Pyramid of Merikare

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Pyramid of Merikare
Stele Anpuemhat Quibell.png
This stele from Saqqara, of the priest Anpuemhat,
mentions pyramids of both Merikare and Teti [1]
Merikare, Tenth Dynasty
Ancient name
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raU6kA
>wADstststO24

W3ḏ-swt-mrj-k3-Rˁ
Flourishing are the abodes of Merikare
Constructedc. 2040 BC

The Pyramid of Merikare is an ancient Egyptian pyramid that remains unidentified, but is attested by inscriptions on funerary steles and possibly is located in Saqqara.[2] The pyramid is presumed to be the burial place of the Herakleopolitan pharaoh Merikare, who ruled toward the end of the Tenth Dynasty c. 2040 BC during the First Intermediate Period. Sometimes, the Headless Pyramid in North Saqqara is identified as the pyramid of Merikare, although the latter is more likely to belong to pharaoh Menkauhor.[3][4]

Attestations[edit]

Although undiscovered, the pyramid of Merikare is the only attested pyramid of a king belonging to the Herakleopolitan dynasties (the ninth and tenth). The pyramid is known by nine inscriptions, eight of which are from northern Saqqara; while the ninth is of unknown origin. From those inscriptions it is known that the ancient name of the pyramid was "Wadj Sut Merikare" variously translated as "Flourishing are the abodes of Merikare" or "The fresh places of Merikare".[2] All these inscriptions were found in the tombs of priests and at least four of these priests were responsible for the funerary cult of both kings Merikare and the earlier Sixth Dynasty king, Teti. The priests lived during the early Twelfth Dynasty (1991 BC - 1802 BC),[2] demonstrating that the funerary cults of these kings remained active during the Middle Kingdom and, most importantly, that Merikare's pyramid must have been in the vicinity of the Pyramid of Teti, in Saqqara.

Identification[edit]

Map of Saqqara - in red, the Headless Pyramid (Lepsius XXIX), initially identified with Merikare, but sometimes identified as that of Menkauhor Kaiu

Using the funerary steles of the twelfth dynasty priests, Cecil Mallaby Firth believed to have found the pyramid of Merikare in 1926 on the southeast corner of that of Teti. Unfortunately, the structure identified by Firth later turned out that to be the small cult pyramid of Teti's pyramid complex.

Another hypothesis emerged in the second half of the twentieth century identifying the pyramid of Merikare with the Lepsius pyramid no. XXIX, located in Saqqara-north and commonly known as the Headless Pyramid. Later, this hypothesis was rejected by some scholars such as Jocelyne Berlandini who proposed in 1979 that the Headless Pyramid is more likely to belong to the Fifth Dynasty pharaoh Menkauhor,[3] the only Fifth Dynasty ruler whose pyramid had not been identified formally.[2] Berlandini based her conclusion on the construction techniques featured in the pyramid as well as the fact that, to a great extent, the priests of the funerary cult of Menkauhor were buried in northern Saqqara.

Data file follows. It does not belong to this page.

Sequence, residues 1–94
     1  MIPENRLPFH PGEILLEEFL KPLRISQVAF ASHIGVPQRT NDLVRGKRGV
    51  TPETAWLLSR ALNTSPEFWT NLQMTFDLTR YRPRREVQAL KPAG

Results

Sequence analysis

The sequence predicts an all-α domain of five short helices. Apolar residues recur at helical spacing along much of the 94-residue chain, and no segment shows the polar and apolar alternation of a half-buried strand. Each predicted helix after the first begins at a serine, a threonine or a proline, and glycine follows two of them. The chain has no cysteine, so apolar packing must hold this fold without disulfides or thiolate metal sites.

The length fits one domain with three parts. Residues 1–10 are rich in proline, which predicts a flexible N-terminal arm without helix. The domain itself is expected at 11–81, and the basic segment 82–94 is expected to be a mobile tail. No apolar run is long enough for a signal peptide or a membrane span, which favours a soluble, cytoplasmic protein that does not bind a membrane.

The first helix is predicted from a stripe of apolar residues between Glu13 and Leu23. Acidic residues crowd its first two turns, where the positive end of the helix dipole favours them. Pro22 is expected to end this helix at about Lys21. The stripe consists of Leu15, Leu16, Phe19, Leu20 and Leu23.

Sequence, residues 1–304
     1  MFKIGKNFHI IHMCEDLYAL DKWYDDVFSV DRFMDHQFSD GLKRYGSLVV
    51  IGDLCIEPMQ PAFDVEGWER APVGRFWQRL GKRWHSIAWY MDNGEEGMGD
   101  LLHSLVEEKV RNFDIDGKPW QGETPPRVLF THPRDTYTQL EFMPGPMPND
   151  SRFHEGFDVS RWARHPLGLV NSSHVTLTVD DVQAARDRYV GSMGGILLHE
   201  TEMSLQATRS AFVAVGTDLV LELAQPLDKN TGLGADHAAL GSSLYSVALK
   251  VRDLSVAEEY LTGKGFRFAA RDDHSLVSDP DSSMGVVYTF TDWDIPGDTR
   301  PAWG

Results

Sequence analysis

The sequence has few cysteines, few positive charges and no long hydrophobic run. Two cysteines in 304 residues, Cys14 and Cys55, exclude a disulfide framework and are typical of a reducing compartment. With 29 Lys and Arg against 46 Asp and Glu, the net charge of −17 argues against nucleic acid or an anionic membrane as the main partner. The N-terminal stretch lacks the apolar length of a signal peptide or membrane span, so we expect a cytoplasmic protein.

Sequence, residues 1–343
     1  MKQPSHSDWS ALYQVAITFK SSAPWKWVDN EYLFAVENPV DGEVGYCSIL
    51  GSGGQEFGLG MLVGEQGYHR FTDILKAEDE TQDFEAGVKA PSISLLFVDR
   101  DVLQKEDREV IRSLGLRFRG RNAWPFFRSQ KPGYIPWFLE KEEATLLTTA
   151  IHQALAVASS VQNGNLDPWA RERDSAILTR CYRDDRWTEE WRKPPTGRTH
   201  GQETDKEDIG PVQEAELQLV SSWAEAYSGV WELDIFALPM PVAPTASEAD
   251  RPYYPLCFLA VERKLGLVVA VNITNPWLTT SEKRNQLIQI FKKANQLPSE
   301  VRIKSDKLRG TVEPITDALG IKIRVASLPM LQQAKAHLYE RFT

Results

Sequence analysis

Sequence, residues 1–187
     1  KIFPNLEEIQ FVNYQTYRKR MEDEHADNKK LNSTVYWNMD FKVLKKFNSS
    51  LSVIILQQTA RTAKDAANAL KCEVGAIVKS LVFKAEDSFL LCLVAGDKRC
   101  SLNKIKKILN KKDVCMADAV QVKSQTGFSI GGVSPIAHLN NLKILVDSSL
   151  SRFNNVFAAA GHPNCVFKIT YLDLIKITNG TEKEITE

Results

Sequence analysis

In 1994, however, Jaromir Malek published a study arguing again that Merikare is the owner of the Headless Pyramid.[5] For example, Malek points out that no burials dating to the Fifth Dynasty are located in the immediate vicinity of the Headless Pyramid.

In 2008, continuing excavations on the site of the Headless Pyramid under the direction of Zahi Hawass corroborated Berlandini's assignment of it to the Fifth Dynasty. This conclusion was reached based on evaluations of the structure of the monument as well as the construction materials employed, both being typical of that era. Although no inscriptions naming a pharaoh were uncovered, Hawass attributed the pyramid to Menkauhor since he is the only pharaoh of the Fifth Dynasty whose pyramid had not been identified.[4] If Berlandini and Hawass are correct, then the pyramid of Merikare remains undiscovered, somewhere in the sands of Saqqara.

References[edit]

  1. ^ James Edward Quibell: Excavations at Saqqara (1905-1906), Le Caire, Impr. de l'Institut français d'archéologie orientale (1907), available copyright-free here pl. XV.
  2. ^ a b c d Mark Lehner: The Complete Pyramids, Thames & Hudson, ISBN 978-0-500-28547-3, p. 165.
  3. ^ a b Jocelyne Berlandini: La pyramide ruinée de Sakkara-nord et le roi Ikaouhor-Menkaouhor, Revue d'Egyptologie 31, (1979), pp. 3-28. Available online
  4. ^ a b Associated Press: Katarina Kratovac: Mystery of ‘Headless Pyramid’ solved, June 5, 2008
  5. ^ Jaromir Malek: King Merykare and his Pyramid, in C. Berger, G. Clerc and N. Grimal (eds) Hommages à Jean Leclant, Vol. 4., (Bibliothèque d'étude 106/4), Cairo 1994, pp. 203–214.

Bibliography[edit]

  • Christoffer Theis, Die Pyramiden der Ersten Zwischenzeit. Nach philologischen und archäologischen Quellen. Studien zur Altägyptischen Kultur, Bd. 39, 2010, pp. 321–339.